Civil society groups in Uganda have warned on the likely effects of the World Bank move to suspend new loans to Uganda, saying it is time to be more frugal and reprioritize public expenditure.
The Bank is the largest single lender to Uganda accounting for more than a fifth of Uganda’s total foreign debt.
Julius Mukunda, chief executive officer at the Civil Society Budget Advocacy Group, CSBAG says for now there could be no immediate impact on the country’s budgetary needs as the move concerns future projects.
However, the Bank said they would continue reviewing the decision which could be extended to cover ongoing projects.
Mukunda says that even then, the donor will be more aggressive in terms of monitoring.
“It is an issue to worry about as this decision by World Bank may induce other donors to come up with similar decisions,” he says.
The World Bank provides attractive and affordable concessional loans, with low interest rates, 10-year grace period, and a long repayment period, targeting social services like infrastructure, health and education.
Therefore the decision will most likely affect poverty eradication measures, increase inequality, and service delivery in social sectors, which could call for domestic loans.
“With this freeze by the World Bank, we are likely to see an increase in domestic borrowing by the government and we are likely going to see a reduction in foreign reserves and depreciation in shilling,” Mukunda told the media Sunday.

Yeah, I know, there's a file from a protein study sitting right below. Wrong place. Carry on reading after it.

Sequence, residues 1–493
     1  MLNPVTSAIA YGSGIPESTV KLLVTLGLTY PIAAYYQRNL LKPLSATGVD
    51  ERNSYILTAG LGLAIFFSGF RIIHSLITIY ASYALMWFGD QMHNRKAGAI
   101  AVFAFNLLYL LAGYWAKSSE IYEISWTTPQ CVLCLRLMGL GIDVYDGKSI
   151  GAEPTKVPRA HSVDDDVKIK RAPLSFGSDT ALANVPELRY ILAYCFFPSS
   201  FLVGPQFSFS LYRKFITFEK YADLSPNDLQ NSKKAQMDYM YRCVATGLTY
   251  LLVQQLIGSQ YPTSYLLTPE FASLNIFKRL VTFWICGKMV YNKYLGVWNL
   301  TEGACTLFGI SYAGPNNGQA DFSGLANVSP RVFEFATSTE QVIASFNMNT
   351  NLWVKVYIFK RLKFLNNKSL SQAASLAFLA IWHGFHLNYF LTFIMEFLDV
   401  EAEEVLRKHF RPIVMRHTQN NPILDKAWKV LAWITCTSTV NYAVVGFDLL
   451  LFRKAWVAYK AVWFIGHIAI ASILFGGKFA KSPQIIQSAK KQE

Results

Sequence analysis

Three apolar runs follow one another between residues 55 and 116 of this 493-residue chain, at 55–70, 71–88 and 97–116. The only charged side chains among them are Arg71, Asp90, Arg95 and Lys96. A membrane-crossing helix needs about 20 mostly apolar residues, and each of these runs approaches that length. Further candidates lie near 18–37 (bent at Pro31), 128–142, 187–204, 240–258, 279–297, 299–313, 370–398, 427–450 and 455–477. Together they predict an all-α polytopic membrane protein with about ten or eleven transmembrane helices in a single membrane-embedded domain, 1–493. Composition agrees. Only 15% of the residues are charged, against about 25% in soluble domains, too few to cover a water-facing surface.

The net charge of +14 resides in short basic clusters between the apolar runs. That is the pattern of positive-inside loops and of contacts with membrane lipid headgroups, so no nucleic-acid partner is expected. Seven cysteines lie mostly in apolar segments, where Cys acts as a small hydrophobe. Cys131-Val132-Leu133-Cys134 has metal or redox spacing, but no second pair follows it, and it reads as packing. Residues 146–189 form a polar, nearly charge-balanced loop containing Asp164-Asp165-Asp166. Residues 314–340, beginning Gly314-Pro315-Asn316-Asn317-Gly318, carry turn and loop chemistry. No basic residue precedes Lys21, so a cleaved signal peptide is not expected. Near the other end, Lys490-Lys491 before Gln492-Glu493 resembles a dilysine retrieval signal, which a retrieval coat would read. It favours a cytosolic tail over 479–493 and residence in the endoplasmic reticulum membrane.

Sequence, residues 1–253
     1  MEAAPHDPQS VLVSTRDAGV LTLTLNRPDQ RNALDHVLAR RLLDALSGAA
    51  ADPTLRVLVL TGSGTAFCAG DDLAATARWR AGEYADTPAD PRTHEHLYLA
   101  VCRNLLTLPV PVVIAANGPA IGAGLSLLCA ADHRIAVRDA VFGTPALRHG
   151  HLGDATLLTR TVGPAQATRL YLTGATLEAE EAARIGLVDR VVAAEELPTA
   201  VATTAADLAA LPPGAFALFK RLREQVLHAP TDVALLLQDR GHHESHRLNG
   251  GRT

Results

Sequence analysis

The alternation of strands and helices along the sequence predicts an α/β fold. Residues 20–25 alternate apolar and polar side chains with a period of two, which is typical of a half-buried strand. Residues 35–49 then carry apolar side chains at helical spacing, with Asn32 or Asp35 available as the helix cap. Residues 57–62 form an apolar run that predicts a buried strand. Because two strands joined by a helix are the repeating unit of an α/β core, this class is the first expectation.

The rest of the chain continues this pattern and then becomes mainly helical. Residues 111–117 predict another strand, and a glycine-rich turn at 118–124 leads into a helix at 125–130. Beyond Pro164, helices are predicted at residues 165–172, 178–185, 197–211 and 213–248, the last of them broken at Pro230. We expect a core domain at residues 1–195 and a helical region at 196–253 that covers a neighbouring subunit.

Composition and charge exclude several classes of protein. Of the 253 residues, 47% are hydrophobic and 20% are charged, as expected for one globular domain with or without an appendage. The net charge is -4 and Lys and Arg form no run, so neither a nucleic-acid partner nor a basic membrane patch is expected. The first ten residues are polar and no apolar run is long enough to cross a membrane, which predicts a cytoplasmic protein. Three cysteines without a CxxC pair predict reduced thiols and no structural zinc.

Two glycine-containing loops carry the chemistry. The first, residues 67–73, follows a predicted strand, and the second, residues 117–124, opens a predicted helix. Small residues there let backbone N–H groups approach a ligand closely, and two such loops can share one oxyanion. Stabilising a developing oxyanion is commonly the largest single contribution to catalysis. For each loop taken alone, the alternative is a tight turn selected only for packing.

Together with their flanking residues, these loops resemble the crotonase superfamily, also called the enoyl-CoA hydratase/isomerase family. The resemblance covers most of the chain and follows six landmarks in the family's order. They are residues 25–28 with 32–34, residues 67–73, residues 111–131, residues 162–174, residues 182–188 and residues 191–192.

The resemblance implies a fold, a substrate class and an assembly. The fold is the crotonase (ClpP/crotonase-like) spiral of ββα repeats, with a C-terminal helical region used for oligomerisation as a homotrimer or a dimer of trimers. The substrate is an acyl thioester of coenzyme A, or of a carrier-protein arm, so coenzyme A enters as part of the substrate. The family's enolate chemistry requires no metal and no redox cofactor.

He says it’s now time for Gov’t to spend within its own means, reduce wastage, and fight corruption, as well as review projects to reallocate funds where there are better returns.
The Initiative for Social and Economic Rights, ISER-Uganda, is specifically concerned about the fate of funds aimed at helping the education sector recover from the Covid-19 effects.
“We know that Uganda is one of the countries that were affected by COVID in terms education sector,” says Angella Kasule Nabwowe, ISER-Uganda. Ag. Executive Director.
“Can we forego some of the projects that have been going on, can we put a halt on ‘Lubowa’ projects and put funds where money will go to ordinary Ugandans?”
The Bank’s ongoing projects include support to the renovation of 1,000 government aided schools, upgrading of 328km Fort Portal-Kyenjojo-Hoima-Masindi-Kiryandongo road, as well as youth development programs targeting 82,000 of them.
Others include Uganda Support for Municipal Development Project worth 555 billion shillings targeting 14 municipalities with infrastructure like roads, street installations, waste management, construction of markets and urban transport facilities.
Jonas Mbabazi, project manager at ACODE Uganda warned of renewed poverty among women and youth.”We are going to see more women and young people sliding into poverty and this will hamper poverty reduction, so can we be frugal with our resources?”
He also expresses fears over an expected increase in borrowing and the impact it could have.
“The likelihood of an increase in domestic borrowing by the government is going to affect access to financing by the private sector; we will not create more jobs and fewer taxes will be created,” says Mbabazi.
The Ministry of Finance recently revealed that it was considering revising the 52-trillion shilling national budget downwards following the World Bank announcement.But Gilbert Musinguzi of Uganda Debt Network warns against tampering with the allocations for some sectors, especially the human capital development, which he said should be a no-go area.
Instead he emphasises the need to be economical with the available resources.
“We want to see frugality in government spending,” says Musinguzi, the Quality Assurance Manager at UDN. “Let’s live within our means because things are becoming tighter. In the future, we should work with the development partners in some legislations, to avoid a repeat of the same.”